The idea of reading a thousand political blogs every day might seem like Geneva-worthy torture, but it's hard to deny that there's some sort of useful information coming out of the blogosphere. Now the good news: you needn't actually read the blogs to find out what it is.
Wonkosphere.com, which formally launched this week, aggregates posts from about 1,000 political blogs of all types and stripes, whether run by a newspaper or magazine or someone in his parents' basement, and extracts trends and patterns. Every four hours, the site updates the information with which presidential candidates have the most buzz among bloggers, as well as how mean or nice that buzz is. Blogs are split into conservative, liberal, or independent, and they don't include those from official candidate sites.
In this way, the site's designers, two Arizona State University professors who run a company called Crawdad Technologies, say they hope to capture the collective conscience of the blogosphere at any given time, while also collecting a lot of data that they can eventually sell to analysts down the road. In the meantime, the site is a way to save readers a lot of time by identifying the hottest links of the day.
Wonkosphere.com uses patented software to "read" every new post from the directory of blogs and analyze them using a sophisticated linguistic technique known as "centering theory," which identifies the most important words in a text. By contrast, most media organizations doing text analysis merely identify the most common thematic words in a speech or text. Centering theory is a more sophisticated way of doing this, says cofounder Kevin Dooley, a professor at the ASU business school. This theory, he says, produces a "network representation of the text," in which the important words span the boundaries between others.
Armed with this kind of data, Dooley and cofounder Steve Corman, a communications professor at ASU, can also measure the tone of a post and track over time how favorably the blogs are treating one candidate or another. For each candidate, they produce a graph of both buzz share and tone over time. (Here's an example.)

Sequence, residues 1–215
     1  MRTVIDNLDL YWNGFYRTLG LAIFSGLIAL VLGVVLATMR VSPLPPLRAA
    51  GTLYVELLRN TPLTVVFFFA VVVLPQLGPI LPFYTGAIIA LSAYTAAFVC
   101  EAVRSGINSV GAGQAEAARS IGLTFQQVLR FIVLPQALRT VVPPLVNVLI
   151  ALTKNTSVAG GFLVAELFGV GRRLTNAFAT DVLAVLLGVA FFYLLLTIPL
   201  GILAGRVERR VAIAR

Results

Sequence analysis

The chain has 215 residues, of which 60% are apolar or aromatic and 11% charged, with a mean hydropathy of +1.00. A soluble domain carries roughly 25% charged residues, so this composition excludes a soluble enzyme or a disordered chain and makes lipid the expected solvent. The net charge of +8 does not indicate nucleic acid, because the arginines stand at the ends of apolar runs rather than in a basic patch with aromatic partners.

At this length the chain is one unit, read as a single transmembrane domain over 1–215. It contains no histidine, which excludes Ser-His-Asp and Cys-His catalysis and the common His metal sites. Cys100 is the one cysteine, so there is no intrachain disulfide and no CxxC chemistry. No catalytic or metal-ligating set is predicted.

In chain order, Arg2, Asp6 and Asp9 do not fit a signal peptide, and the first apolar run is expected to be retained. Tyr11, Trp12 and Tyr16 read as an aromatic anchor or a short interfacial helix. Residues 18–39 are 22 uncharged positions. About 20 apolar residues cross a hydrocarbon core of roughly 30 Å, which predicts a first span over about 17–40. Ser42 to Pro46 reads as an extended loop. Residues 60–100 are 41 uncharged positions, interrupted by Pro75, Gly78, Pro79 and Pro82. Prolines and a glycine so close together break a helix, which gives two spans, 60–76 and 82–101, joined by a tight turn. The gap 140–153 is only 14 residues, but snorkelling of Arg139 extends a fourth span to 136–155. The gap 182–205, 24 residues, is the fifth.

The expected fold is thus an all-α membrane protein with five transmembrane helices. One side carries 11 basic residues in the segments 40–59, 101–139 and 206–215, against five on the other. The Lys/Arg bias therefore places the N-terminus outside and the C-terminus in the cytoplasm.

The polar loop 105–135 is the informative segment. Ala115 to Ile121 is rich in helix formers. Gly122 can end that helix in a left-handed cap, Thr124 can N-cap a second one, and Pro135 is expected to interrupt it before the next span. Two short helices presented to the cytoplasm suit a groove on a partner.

One must still confront the question of what "buzz share" actually means within the perverse and often baffling economy of the blogosphere. While no one is claiming that this hippodrome is a stand-in for public opinion at large, Corman argues that anyone who takes the time to maintain a decent blog is going to be pretty informed.
"My guess is that the people on those blogs are opinion leaders," he says. "Let's face it—to take the time, to put that kind of effort into it, you've got to know what's going on."
The current site will be steadily evolving over the course of the next 14 months up to the election, Corman and Dooley say. Once the field is narrowed to a few candidates, they plan to introduce more information about which issues and topics are most discussed by bloggers. Those data, Corman says, could then be compared with data on buzz and tone for a measure of which issues bloggers consider strengths and weaknesses for each candidate.
"We would like to move into a more analyst role," Corman says. "There's a lot deeper we can go into the data."
Dooley concurs: "We're only showing a fraction of the posts," he said. "We have a lot of data that's not available to the end user." He added that a large portion of those more intensive data may eventually be sold as a report or given to paid subscribers.
In the meantime, they also say they will be working on expanding their directory of blogs they track, which they admit is too heavy on conservative blogs at the moment (though the results are broken out by ideology, preventing too much skewing of the results).
Henry Farrell, an assistant professor of international relations at George Washington University who is unaffiliated with Wonkosphere.com, said the possibilities for such tracking sites are still wide open.